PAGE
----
Clerics who abuse don’t commit just physical and emotional violations. The invasion is also spiritual – you’re being forced down and brutalised by the representative of your God on this earth. “Fogarty was ‘in’ me in a physical sense, but he was also ‘in’ me in a psychological sense. There was something full and all-invasive to his violation of me which it is almost impossible not to admire.”

Clearly, Bernard’s way of recovering, as best he can, from what was done to him is unusual and, clearly, he’s a singular, self-invented man. A photo on his agent’s website shows him, bequiffed and tweedy, in a punt: but actually, he says, he spoke with “a broad Scouse accent” until he won a scholarship to Sherborne at 15. He’s a huge fan of PG Wodehouse: “His idiolect casts up the promise of an eternal sunshine.” He collects photographic prints of all the colleges of which he’s been a member, his favourites with himself in them, dressed up in his master’s gown, scurrying across the quad. Oxford, for him, has been a “giving place”, a place of care and succour. It’s where he’s met the friends and mentors, doctors and therapists who have helped him gather around himself a decent daily life.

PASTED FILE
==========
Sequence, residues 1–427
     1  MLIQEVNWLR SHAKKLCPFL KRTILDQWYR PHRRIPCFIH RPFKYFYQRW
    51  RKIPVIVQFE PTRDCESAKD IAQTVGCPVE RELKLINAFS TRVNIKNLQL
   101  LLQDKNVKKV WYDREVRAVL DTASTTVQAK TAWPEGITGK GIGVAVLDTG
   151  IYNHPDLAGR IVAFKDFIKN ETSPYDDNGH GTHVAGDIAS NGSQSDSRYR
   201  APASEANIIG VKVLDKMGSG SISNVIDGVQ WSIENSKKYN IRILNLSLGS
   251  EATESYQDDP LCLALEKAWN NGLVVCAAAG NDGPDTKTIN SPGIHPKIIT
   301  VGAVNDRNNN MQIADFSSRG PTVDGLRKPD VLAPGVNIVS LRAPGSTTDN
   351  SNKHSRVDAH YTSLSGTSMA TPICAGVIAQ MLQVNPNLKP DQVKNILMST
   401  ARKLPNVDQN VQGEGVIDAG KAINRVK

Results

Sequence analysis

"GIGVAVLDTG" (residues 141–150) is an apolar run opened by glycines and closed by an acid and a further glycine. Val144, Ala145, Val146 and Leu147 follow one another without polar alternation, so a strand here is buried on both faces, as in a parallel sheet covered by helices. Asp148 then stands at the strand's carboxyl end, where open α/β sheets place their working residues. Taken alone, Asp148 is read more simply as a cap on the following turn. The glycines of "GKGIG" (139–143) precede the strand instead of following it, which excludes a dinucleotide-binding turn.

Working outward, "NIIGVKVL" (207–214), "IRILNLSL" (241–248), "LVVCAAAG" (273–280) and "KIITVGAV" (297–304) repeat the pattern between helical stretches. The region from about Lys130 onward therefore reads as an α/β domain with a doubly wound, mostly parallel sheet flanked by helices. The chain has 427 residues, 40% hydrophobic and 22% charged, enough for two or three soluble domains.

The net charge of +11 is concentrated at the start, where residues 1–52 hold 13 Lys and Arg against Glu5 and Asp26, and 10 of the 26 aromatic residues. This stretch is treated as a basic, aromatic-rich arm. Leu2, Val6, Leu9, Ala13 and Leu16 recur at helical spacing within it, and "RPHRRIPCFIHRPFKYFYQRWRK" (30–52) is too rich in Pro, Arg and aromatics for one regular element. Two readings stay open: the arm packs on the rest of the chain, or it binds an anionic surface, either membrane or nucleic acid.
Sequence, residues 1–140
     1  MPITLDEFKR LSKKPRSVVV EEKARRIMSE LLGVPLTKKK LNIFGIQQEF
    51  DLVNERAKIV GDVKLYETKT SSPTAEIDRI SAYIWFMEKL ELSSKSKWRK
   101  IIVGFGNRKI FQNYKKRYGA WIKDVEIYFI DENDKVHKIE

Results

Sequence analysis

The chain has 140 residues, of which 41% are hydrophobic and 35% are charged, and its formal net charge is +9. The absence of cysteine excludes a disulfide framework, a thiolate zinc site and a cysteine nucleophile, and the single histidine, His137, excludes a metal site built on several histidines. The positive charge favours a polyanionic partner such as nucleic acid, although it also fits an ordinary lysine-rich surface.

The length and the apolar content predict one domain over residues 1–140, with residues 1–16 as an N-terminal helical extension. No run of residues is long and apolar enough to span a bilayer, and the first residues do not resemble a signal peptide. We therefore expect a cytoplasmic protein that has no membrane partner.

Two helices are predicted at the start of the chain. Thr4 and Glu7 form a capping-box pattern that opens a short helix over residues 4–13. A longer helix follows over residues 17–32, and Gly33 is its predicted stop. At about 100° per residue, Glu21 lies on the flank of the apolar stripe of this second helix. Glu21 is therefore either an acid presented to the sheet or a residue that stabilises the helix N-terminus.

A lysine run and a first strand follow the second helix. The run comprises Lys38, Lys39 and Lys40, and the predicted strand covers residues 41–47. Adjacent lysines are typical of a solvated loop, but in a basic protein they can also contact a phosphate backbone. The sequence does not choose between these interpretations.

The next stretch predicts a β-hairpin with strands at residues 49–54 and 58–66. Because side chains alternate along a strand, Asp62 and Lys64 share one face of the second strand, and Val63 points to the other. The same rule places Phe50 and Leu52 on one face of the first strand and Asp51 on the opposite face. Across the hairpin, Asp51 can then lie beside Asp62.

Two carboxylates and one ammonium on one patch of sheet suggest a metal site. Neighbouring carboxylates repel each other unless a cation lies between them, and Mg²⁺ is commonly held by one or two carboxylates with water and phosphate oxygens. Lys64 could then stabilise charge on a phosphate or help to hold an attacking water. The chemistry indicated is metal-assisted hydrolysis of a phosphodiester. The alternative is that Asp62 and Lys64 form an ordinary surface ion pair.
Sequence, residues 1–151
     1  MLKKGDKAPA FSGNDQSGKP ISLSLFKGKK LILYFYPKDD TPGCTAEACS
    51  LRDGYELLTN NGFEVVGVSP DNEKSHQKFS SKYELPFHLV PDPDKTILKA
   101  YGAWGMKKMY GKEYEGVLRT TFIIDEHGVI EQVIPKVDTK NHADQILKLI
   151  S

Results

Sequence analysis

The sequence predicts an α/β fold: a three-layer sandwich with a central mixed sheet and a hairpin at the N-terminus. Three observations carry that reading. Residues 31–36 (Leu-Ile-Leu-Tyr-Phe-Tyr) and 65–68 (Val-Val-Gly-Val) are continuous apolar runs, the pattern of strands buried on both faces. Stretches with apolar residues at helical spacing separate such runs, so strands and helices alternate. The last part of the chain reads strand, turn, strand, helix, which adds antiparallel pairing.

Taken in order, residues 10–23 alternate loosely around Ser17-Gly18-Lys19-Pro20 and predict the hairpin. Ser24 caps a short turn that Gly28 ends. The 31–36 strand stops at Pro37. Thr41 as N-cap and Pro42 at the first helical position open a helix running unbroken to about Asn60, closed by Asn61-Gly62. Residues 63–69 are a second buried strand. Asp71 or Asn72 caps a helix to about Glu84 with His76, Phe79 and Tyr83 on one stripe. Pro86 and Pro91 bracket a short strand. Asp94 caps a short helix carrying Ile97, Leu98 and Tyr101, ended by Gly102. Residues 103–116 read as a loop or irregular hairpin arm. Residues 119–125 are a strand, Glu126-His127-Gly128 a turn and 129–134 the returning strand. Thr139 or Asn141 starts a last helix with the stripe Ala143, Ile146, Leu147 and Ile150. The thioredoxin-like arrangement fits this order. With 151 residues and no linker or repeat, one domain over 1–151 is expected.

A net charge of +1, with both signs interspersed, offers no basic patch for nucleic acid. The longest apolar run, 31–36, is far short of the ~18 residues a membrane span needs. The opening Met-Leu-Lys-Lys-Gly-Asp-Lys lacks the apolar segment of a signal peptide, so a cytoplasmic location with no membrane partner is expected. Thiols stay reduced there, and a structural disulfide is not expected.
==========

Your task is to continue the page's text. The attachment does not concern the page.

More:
The form in which Bernard presents his thoughts, his memories, his perceptions, is liturgical. Moments emerge, dissolve, shape themselves round each other, in rippling patterns of the appalling and the ordinary: “For some years, paper and stickiness and boniness were the only physical sensations I could feel.” The prose is clear and plain, vulnerable in its earnestness, confident in its craft. “I am glad that I wrote it, that it is written,” he writes at the end, and I’m glad too. It’s both a testament of great documentary usefulness and a really beautiful piece of art.